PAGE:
They echo the New Labour spin. “If [RMT general secretary] Bob Crow wants to sit at the table with a bunch of Trots, that’s up to them,” said Labour chairman Ian McCartney.
But the fact is that the union-Labour Party link is the most important relationship on the left of British politics. It is one of the main reasons why there has never been any effective pluralism in the political representation of the labour movement.
This makes holding Labour prime ministers to account depend on the democracy or otherwise of the party. And Westminster’s relatively strong institutions of scrutiny that Adam Tomkins invokes (-House of correction) have been rendered void by a neutering of democracy in the Labour Party.
In reality, the union-Labour link has always been more a force for bolstering the party leadership than of democratic pressure. Parliamentary leaders have always been able to exploit the fact that the unions have nowhere else to turn, and union leaders have commonly used the unions’ dependence on Labour to isolate dissent.
Imagine a scenario in which the union-party link was made democratic: able to fully express the variety of ways in which the unions might further their goals politically. If political funds could be spent on campaigning irrespective of the fact that they might lead to electoral challenges to Labour, the momentum for a left political alternative would grow beyond “the bunch of Trots” in the caricature. A movement for electoral reform would gather unstoppable momentum. England and Wales would then have, as in Scotland, a left challenge to Labour working alongside the Greens. Never again could Labour whip rebels into line and spin any challenge as “letting in the Tories”. The Parliamentary institutions that Tomkins details would really be tested and, as Stuart Weir advocates (-Let the people decide), probably radically strengthened.
Any shift in this direction would involve fierce conflict with New Labour. On the one hand, New Labour’s authoritarian, managerial view of politics drives it to cling fervently to the party’s historic dominance over centre-left political representation; indeed, it seeks to extend this monopoly rightwards.
On the other hand, Labour has contempt for the institutions on which this monopoly has traditionally rested. Tony Blair has long wanted to end the union-party link. This goal was always a central plank of “the project”. Hence, Blair and his henchmen will do little to discourage moves to disaffiliate. Communications Workers Union general secretary Billy Hayes and Fire Brigade Union leader Andy Gilchrist cannot expect support in their efforts to hold the line on affiliation.
The unions’ frustration with their essentially masochistic relationship with Labour is at boiling point, especially in public-sector unions. In Scotland, the Scottish Socialist Party offers an obvious escape route. South of the border some unions are tentatively experimenting, through working with campaigning social movements like those against the war and occupation of Iraq, racism and fascism. In some localities there are growing relationships between unions and community groups over issues like privatisation and also low pay.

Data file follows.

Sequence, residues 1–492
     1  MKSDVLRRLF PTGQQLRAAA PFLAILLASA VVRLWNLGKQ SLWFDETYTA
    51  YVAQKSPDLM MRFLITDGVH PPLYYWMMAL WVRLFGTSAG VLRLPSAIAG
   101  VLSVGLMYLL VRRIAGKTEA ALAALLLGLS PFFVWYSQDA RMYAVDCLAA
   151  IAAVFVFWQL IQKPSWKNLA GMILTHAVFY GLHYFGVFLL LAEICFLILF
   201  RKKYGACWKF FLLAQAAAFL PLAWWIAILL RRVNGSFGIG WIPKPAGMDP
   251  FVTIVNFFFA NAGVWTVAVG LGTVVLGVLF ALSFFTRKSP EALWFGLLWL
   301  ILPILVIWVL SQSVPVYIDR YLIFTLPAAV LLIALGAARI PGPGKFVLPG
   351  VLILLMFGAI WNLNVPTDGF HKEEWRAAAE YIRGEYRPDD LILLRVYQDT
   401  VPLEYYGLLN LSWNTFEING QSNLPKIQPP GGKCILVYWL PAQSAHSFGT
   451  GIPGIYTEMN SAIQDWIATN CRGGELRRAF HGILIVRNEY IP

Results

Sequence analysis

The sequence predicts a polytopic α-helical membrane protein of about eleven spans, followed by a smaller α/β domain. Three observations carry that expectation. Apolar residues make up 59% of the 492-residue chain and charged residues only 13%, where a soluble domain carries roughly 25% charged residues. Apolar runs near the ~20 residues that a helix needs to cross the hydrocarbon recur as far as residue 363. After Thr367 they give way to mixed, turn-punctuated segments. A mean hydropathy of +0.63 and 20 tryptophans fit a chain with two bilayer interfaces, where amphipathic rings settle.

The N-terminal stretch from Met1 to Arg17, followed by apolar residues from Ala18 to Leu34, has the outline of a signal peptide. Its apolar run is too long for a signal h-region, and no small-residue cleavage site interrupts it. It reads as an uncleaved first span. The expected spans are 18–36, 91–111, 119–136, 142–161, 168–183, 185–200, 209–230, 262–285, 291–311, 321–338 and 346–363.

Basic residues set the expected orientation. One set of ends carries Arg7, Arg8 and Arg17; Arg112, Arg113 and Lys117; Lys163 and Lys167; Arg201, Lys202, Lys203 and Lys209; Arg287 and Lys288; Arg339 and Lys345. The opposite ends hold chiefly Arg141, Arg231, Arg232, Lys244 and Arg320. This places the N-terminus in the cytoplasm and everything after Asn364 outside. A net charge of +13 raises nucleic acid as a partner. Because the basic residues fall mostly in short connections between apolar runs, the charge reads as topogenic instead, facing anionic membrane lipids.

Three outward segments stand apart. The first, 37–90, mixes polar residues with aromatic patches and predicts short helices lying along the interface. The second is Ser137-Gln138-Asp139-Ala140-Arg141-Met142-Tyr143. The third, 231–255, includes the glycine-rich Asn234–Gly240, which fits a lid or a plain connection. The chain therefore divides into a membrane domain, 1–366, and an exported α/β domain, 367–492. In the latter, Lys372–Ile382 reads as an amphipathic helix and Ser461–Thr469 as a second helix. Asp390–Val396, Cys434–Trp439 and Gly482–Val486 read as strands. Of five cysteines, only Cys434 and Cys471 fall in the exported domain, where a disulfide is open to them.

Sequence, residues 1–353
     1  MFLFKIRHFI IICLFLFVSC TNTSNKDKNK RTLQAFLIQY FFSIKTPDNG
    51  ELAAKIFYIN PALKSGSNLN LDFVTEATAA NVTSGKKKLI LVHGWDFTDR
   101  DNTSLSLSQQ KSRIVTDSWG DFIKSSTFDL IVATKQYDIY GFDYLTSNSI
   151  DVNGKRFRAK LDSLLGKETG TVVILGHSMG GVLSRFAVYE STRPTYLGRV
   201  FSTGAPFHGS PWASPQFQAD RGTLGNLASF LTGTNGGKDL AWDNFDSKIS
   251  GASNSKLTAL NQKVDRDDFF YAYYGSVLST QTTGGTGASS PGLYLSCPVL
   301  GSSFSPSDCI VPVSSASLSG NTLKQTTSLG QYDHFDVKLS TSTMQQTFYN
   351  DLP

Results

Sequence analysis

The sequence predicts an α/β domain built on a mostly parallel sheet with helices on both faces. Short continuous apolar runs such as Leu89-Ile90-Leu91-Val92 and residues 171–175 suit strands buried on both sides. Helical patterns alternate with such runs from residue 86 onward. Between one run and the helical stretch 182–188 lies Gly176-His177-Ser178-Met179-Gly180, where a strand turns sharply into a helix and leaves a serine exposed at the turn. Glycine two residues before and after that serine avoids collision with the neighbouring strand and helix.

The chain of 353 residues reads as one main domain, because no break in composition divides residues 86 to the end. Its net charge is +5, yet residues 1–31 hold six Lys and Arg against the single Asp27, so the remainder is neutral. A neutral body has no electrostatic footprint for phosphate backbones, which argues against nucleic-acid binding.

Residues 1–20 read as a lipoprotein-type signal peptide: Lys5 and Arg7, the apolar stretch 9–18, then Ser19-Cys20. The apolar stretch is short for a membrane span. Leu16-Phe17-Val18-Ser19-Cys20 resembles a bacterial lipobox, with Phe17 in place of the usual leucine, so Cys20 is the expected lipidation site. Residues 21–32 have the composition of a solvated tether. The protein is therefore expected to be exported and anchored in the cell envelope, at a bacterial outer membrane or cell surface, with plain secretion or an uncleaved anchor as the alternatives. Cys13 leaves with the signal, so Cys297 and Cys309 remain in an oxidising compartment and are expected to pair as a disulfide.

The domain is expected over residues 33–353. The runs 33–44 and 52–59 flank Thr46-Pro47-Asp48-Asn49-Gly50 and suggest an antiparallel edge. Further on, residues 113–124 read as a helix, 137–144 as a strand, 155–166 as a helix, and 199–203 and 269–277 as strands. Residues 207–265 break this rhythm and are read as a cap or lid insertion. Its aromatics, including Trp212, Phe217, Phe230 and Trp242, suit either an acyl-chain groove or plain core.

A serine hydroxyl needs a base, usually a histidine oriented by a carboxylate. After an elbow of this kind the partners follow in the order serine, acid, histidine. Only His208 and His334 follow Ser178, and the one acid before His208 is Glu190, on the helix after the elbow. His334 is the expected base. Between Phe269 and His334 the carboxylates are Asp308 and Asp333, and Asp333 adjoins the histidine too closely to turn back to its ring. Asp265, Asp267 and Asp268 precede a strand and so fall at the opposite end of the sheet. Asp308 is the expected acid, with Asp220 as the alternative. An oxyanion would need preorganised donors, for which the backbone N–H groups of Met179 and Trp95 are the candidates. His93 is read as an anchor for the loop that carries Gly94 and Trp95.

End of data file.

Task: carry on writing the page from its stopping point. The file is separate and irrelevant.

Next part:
Followed to their logical conclusion, these moves towards a more independent and plural political stance imply much deeper changes than a simple reallocation of funds. As Labour became the party of government, the unions” special link became a route for union leaders to become subordinate members of the British establishment – whether as members of the House of Lords, national quangos or the predominantly male elites that hold sway in many cities and localities.
In other words, the union-party link has often pulled union officials into a routine away from the needs of their members. As for the growing awareness among the new generation of union leaders that the renewal of the left requires a new relationship with radical campaigning and cultural movements, there is much to learn from the international social forums (see From Mumbai with hope). The RMT was a founder of the Labour Party, if it opens itself to the radical social movements, it could help found a new, open, plural left politics in Britain, willing to challenge rather than defer to the power of the establishment.
Hilary Wainwright argues against reclaiming populism for the left and for a leadership that supports people’s capacity for self-government
It may seem as though these apps are working for us, but we are also working for the apps, writes Kurt Iveson
It's over 100 years ago that domestic workers began to organise to demand the same rights as other workers. Yet with LSE cleaners on strike this week, historian Laura Schwartz asks: how much has really changed?
Omar Barghouti asks whether Donald Trump, in his recent break with America’s long-standing support for the two-state solution, has unwittingly revived the debate about the plausibility, indeed the necessity, of a single, democratic state in historic Palestine?